Vaccination | Dental Disease | Lyme Disease | Feline Leukemia

Please have your pet vaccinated before bringing them to any grooming facility. Below is a vaccination schedule for certain stages of your pets life. For more information please speak to your veterinarian.

 

Dogs and Puppies

Cats and Kittens

Age Vaccination

Age

Vaccination

5 wks Parvovirus: For Puppies at high risk. Check with your local vet. 7 wks Combination vaccine*: without Chlamydophilia (formerly called Chlamydia)

6 & 9 wks Combination vaccine* without leptospirosis. Coronavirus: where coronavirus is a concern. 10 wks Combination vaccine*: include Chlamydophilia where it is a concern. FeLV: if the kitten is at risk of exposure to an infected cat; blood test prior to vaccination.

12 wks & older Rabies: Given by your local vet (age at vaccination may vary by local laws) 12 wks & older Rabies: (age at vaccination may vary by local laws)

12 & 15 wks Combination vaccine*: include leptospirosis where it is a concern, or if traveling to an area where it occurs. Coronavirus: where coronavirus is a concern. Lyme: where Lyme disease is a concern or traveling to an area where it occurs. 13 wks Combination vaccine*: include Chlamydophilia where it is a concern. FeLV: if the kitten is at risk of exposure to an infected cat

Adult Combination vaccine*: include leptospirosis where it is a concern, or if traveling to an area where it occurs. Coronavirus: where coronavirus is a concern. Lyme: where Lyme disease is a concern or traveling to an area where it occurs. Rabies: given by your local vet. (time interval between vaccinations may vary by local laws) Adult Combination vaccine*: include Chlamydophilia where it is a concern. FeLV: if the kitten is at risk of exposure to an infected cat. Rabies: given by your local vet. (time interval between vaccinations may vary by local laws)

Understanding periodontal disease & prevention

It's estimated that 80% of all pets have dental disease by age three. It's not difficult to tell that your pet may need his teeth cleaned - pet breath may be so bad that a yawn can clear a room! The main causes of bad breath and bad teeth include:

  • feeding your pet soft food or table scraps

  • old age

  • teeth that don't align properly.

Regular cleaning prevents problems in all these cases. We highly recommend and provide tooth brushing with your regularly scheduled grooming.

Q: Why is dental care important for my pet?
A: You are responsible pet owner. You take good care of your pet by feeding them the right food, exercising them regularly and taking them to the vet for an annual wellness exam.

Pets can develop dental disease and other dental problems, just like you. Many of these problems can be avoided by taking your pet to your vet for regular dental checkups and giving your pet dental care at home.

Q: What are the physical signs of dental disease?
A: If your pet has had bad breath or reddened gums, it could be from gingivitis. The process starts when soft plaque hardens into rough tartar. Tartar irritates and inflames the gums. Gingivitis, in turn, can lead to an infection called periodontal disease, which can cause bleeding gums, loss of teeth and infection in the heart or kidneys if not treated.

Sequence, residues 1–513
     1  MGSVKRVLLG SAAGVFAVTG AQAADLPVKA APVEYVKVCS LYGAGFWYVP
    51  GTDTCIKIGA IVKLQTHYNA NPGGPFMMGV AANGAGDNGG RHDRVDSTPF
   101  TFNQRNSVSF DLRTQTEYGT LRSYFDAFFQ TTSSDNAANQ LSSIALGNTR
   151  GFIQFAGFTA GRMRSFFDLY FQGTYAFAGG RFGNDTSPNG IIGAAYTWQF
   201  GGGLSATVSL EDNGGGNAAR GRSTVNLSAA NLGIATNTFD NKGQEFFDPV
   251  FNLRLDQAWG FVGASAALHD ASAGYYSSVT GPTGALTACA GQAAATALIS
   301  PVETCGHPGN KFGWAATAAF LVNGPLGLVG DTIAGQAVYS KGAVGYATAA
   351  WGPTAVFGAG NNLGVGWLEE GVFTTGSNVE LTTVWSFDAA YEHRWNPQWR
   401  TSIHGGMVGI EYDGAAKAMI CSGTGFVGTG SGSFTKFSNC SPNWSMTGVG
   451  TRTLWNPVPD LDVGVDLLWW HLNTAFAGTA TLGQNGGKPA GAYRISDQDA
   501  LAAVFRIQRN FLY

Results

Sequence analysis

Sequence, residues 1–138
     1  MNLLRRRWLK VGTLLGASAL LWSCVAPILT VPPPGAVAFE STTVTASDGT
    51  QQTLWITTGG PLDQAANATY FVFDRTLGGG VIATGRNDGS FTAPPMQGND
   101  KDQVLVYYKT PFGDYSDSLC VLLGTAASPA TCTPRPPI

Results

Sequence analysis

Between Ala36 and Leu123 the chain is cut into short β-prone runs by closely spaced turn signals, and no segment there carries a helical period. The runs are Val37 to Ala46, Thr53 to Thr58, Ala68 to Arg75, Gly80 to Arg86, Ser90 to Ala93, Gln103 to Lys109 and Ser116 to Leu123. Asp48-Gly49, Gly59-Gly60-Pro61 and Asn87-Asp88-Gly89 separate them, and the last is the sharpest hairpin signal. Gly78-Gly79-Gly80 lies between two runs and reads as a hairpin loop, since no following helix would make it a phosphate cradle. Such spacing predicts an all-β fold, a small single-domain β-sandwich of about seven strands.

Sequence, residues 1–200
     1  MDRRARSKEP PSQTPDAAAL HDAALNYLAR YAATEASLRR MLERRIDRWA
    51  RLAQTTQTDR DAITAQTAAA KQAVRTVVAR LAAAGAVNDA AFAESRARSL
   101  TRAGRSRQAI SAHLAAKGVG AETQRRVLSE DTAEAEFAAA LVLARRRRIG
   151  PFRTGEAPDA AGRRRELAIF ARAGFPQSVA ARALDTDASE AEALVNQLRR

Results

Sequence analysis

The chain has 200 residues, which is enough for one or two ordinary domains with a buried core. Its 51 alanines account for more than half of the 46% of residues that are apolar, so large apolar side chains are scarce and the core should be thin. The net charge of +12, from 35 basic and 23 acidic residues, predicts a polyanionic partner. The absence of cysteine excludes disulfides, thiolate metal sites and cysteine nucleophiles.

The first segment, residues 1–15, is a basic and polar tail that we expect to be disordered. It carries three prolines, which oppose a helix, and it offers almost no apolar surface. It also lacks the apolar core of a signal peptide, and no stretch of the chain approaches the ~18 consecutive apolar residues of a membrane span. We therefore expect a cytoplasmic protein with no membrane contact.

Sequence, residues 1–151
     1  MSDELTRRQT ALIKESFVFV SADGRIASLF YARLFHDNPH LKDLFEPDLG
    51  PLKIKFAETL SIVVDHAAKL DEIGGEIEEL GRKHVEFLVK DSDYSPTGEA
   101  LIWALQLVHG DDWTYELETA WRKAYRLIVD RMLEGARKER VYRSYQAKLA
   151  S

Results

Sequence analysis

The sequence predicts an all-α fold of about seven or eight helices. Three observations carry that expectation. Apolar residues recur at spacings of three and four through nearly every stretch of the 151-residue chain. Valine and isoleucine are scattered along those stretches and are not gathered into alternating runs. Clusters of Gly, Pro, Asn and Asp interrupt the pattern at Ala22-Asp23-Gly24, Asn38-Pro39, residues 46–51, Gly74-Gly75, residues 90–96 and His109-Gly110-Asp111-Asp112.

Commonly though, there are no obvious physical signs of the disease, even when it is advanced. That is why it is so important to have your pet's teeth checked by a vet regularly.


Lyme Disease Information  

Q: What can be done to prevent being bit by a tick?
A: When in tick-infested habitat - wooded and grassy areas - take special precautions to prevent tick bites, such as wearing light-colored clothing (for easy tick discovery) and tucking pants into socks and shirt into pants. Check after every two to three hours of outdoor activity for ticks on clothing or skin. Brush off any ticks on clothing before skin attachment occurs. A thorough check of body surfaces for attached ticks should be done at the end of the day. If removal of attached ticks occurs within 36 hours, the risk of tick-borne infection is minimal.

Repellents can be effective at reducing bites from ticks that can transmit disease. But their use is not without risk of health effects, especially if repellents are applied in large amounts or improperly. Repellents commonly available to consumers contain the active ingredients DEET (N, N-diethyl-m-toluamide), permethrin, or botanical oils. DEET products have been widely used for many years, but have occasionally been associated with health effects. Skin reactions (particularly at DEET concentrations of 50 percent and above) and eye irritation are the most frequently reported health problems. Products containing permethrin are for use on clothing only, not on skin. Rather than acting as a repellent, permethrin kills ticks and insects that come in contact with treated clothes. Permethrin can cause eye irritation. Insect repellents containing botanical oils, such as oil of geranium, cedar, lemongrass, soy or citronella are also available, but there is limited information on their effectiveness and toxicity. If you decide to use a repellent, use only what and how much you need for your situation. In addition: